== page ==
Because she couldn’t just go as a cat

Law professor’s blackface raises First Amendment concerns

By Sarah Sidlow

Costumes and bad judgment are often the bookend cornerstones of Halloween.

And since 2016 seems to be a hallmark year for bad decisions, it’s no surprise that this was a headline: “Law professor placed on leave after wearing blackface to a party.”

And it wasn’t even in Florida—the land of whacko headlines! In fact, it was a University of Oregon law professor who, ignoring the advice of the university and the university’s Black Student Union to “enjoy the holiday without being extremely offensive,” showed up to a faculty/staff party in blackface.

Other attendees and members of the University of Oregon community failed to see the humor.

“We condemn this action unequivocally as anathema to the University of Oregon’s cherished values of racial diversity and inclusion,” the university’s president, Michael Schill, said in a written statement. “The use of blackface, even in jest at a Halloween party, is patently offensive and reinforces historically racist stereotypes. It was a stupid act and is in no way defensible.”

The University of Oregon professor has apologized and has been suspended with pay, pending an investigation by the Office of Affirmative Action and Equal Opportunity determining whether the costume is a violation of university policy, and whether the professor should face serious consequences.

For some, the answer was somewhere between “probably” and “unequivocally yes.”

Fellow law professors—23 of them, if we’re counting—called on their colleague to resign. They said the question of First Amendment free-speech protection was irrelevant in a situation resulting from bad taste, racial insensitivity, and unprofessional behavior. They argue that, as thought leaders and recognizable figures, the ability to exercise sensitivity is a demand of an educator’s job. Failure to live up to that expectation should, then, be punished.

But others argue that the First Amendment is at the very heart of this issue—and that the professor’s free speech, tasteless or not, shouldn’t be hindered at a public university, the purpose of which is to serve as an inclusive harbor for challenging and uncomfortable conversations.

For the record, this isn’t the first time the issue of blackface—with or without the intent to offend—has caused a flurry of bad taste versus protected speech debate.

In 1993, a George Mason University fraternity held an “ugly woman contest” fund-raiser, in which some fraternity members posed as caricatures of black women. A federal appeals court blocked the university from punishing its members, citing that the expression was protected by the First Amendment.

In 2012, for a school presentation depicting historical figures, a white Colorado second-grader wore black face paint in his portrayal of Martin Luther King Jr.; the principal asked him to wash the makeup off his face before he stepped on stage to speak to a crowd of parents. The NAACP supported the principal’s decision, but others thought the school had taken political correctness too far.

In the case of Oregon, the university may have no legal basis to sanction the professor, unless it finds evidence of her failure to adequately perform her work.

In case you were wondering, the professor is a feminist scholar who teaches courses about women and legal issues. “I, of all people, would not want to offend,” she said.

Apparently, the professor’s costume was meant to represent a book, Black Man in a White Coat,” about a black medical student and the racism he experienced in medical school. The author of the book, Damon Tweedy, is a graduate of Duke Medical School and Yale Law School. He is an assistant professor of psychiatry at Duke University Medical Center.

For more context about this week’s toon, please flip back to Free Speech, pg. 4.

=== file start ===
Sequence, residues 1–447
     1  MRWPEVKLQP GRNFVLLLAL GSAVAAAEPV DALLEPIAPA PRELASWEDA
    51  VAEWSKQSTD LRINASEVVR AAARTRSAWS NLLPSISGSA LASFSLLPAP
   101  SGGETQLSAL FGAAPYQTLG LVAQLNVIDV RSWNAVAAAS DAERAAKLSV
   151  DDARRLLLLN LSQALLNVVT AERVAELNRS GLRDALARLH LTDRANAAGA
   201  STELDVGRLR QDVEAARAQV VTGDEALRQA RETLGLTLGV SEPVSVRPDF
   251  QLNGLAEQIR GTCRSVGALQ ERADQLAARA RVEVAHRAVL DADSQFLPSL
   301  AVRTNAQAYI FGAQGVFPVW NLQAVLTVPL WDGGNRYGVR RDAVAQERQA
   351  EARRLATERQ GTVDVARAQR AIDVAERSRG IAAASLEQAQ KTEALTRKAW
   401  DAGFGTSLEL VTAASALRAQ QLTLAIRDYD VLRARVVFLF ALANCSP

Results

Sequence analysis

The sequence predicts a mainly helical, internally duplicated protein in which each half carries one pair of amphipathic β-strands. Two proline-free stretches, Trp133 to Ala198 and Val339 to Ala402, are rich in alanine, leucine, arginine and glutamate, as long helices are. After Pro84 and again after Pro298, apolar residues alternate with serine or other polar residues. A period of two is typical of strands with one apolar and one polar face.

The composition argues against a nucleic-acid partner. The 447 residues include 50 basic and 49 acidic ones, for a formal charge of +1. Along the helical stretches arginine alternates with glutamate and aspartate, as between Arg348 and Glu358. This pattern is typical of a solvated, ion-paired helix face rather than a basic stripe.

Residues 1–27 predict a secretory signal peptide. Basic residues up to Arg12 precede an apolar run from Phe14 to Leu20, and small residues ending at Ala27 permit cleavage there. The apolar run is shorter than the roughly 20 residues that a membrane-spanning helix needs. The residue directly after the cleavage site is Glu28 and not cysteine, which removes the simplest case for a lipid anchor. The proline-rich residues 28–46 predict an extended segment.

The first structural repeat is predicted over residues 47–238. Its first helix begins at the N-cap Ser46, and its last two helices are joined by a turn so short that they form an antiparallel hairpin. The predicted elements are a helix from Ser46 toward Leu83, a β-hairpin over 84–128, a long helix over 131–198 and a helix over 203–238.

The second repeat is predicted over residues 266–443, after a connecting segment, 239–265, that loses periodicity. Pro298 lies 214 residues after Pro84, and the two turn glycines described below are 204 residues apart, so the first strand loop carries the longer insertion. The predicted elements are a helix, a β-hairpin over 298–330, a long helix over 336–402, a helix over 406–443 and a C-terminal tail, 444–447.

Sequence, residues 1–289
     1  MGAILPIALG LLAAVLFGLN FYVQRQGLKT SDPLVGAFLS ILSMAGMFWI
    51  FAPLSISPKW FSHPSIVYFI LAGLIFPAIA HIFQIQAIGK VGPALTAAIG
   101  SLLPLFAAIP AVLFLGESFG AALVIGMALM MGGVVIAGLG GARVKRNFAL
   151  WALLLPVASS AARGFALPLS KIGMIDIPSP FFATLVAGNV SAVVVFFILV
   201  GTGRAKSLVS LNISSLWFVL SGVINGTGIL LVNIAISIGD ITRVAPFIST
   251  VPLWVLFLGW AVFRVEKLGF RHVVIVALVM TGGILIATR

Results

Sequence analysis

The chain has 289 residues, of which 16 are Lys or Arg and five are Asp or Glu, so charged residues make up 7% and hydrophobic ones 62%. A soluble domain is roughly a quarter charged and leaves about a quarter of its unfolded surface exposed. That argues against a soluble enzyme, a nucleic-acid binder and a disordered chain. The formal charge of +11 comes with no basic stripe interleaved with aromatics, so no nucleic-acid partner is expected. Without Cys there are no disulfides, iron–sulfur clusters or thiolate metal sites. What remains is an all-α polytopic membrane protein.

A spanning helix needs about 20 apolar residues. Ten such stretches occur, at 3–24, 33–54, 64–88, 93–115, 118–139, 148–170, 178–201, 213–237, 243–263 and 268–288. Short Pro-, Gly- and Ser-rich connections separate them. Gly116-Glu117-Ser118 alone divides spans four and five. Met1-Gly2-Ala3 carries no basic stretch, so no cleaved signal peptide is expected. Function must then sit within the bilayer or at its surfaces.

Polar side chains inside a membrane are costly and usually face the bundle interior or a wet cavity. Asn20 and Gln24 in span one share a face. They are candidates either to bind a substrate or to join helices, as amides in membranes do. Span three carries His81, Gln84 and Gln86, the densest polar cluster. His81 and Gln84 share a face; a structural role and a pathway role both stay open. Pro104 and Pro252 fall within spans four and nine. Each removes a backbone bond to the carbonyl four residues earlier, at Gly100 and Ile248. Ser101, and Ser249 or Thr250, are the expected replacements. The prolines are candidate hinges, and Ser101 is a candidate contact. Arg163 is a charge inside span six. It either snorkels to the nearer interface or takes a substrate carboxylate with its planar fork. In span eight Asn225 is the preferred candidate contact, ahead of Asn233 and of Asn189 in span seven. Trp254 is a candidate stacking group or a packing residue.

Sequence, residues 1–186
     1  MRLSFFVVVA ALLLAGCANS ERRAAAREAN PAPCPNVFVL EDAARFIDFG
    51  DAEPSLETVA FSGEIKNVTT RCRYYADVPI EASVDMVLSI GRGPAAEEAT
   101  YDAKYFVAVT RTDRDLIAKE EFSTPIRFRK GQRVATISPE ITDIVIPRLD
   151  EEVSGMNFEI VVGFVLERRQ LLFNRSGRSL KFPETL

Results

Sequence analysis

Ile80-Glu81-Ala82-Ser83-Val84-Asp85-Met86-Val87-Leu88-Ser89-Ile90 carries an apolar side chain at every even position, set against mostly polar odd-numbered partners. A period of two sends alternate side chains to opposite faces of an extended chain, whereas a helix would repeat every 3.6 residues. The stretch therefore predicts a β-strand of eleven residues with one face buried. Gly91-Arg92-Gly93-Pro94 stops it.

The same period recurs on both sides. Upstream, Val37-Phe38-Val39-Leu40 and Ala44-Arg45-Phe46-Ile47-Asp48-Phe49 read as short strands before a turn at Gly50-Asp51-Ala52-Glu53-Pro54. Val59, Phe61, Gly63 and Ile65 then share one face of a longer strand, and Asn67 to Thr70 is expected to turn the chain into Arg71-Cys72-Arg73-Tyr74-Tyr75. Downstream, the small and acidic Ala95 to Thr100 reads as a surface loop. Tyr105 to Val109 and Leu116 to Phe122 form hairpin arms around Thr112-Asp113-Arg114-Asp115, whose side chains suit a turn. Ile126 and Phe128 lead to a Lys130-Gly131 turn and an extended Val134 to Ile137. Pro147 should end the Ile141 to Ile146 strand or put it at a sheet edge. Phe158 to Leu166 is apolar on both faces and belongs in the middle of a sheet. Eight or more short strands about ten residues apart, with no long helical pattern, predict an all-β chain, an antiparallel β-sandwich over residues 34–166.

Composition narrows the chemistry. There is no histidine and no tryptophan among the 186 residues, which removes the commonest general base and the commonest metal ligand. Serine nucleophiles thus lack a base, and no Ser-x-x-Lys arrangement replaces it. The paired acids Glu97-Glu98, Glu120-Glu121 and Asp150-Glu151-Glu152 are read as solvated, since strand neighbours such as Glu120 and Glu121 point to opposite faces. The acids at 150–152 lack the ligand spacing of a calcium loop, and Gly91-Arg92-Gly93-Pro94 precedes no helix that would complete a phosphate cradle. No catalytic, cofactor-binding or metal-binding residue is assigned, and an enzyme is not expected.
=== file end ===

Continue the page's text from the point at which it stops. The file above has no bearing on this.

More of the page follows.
Reach Dayton City Paper forum moderator Sarah Sidlow at SarahSidlow@DaytonCityPaper.com.

 Shame on you

By Tim Smith

A rather bizarre event recently occurred at the University of Oregon. A white law professor attended an off-campus Halloween party wearing blackface makeup. Yes, you read that correctly. In her defense, she said she was raising awareness for a book she wanted her students to read, about a black man’s struggles with racism while attending medical school. She claimed that she was making a point about cultural diversity.

Seriously? She couldn’t have just assigned the book for a term paper?

Naturally, the administration was alarmed, along with a majority of the students. Since the incident, many of her colleagues and students have urged her to resign. The university placed the professor on administrative leave while deciding whether or not she should be sanctioned.

Why is this even up for discussion? It’s a no-brainer. At the minimum, she should be addressed for having terminal poor judgment and required to undergo sensitivity training. Not only were her actions offensive, they cast a bad light on the university itself, along with her chosen profession. Students attend college to get educated and enlightened. They expect their horizons to be broadened and they rely on their teachers to guide the way. It is up to these classroom leaders to set a good example. This incident is no different from spouting racial slurs then justifying it as a civics lesson.

Blackface is defined as a form of theatrical makeup used by non-black performers to represent a black person. The practice gained popularity during the 19th  century and contributed to the spread of negative racial stereotypes. It ended in the United States with the civil rights movement of the 1960s.

In the 19th  and early 20th centuries, blackface minstrel shows were a staple of American entertainment, translating formal art such as opera into popular terms for a general audience. The performers sang and acted while wearing blackface makeup. This was also the standard for many vaudeville performers of that era. Singer Al Jolson made his career on the Broadway stage by performing in blackface. By today’s standards, this would be considered insensitive and insulting.

Blacface carried over into movie musicals in the 1930s and  ’40s. After the Civil Rights Movement took hold, many films of this era that were broadcast on commercial TV stations were heavily edited, if they featured blackface numbers. To this day, if you view the perennial Christmas favorite “Holiday Inn” on commercial TV, usually one of the musical numbers is cut because it features a blackface performance by Bing Crosby.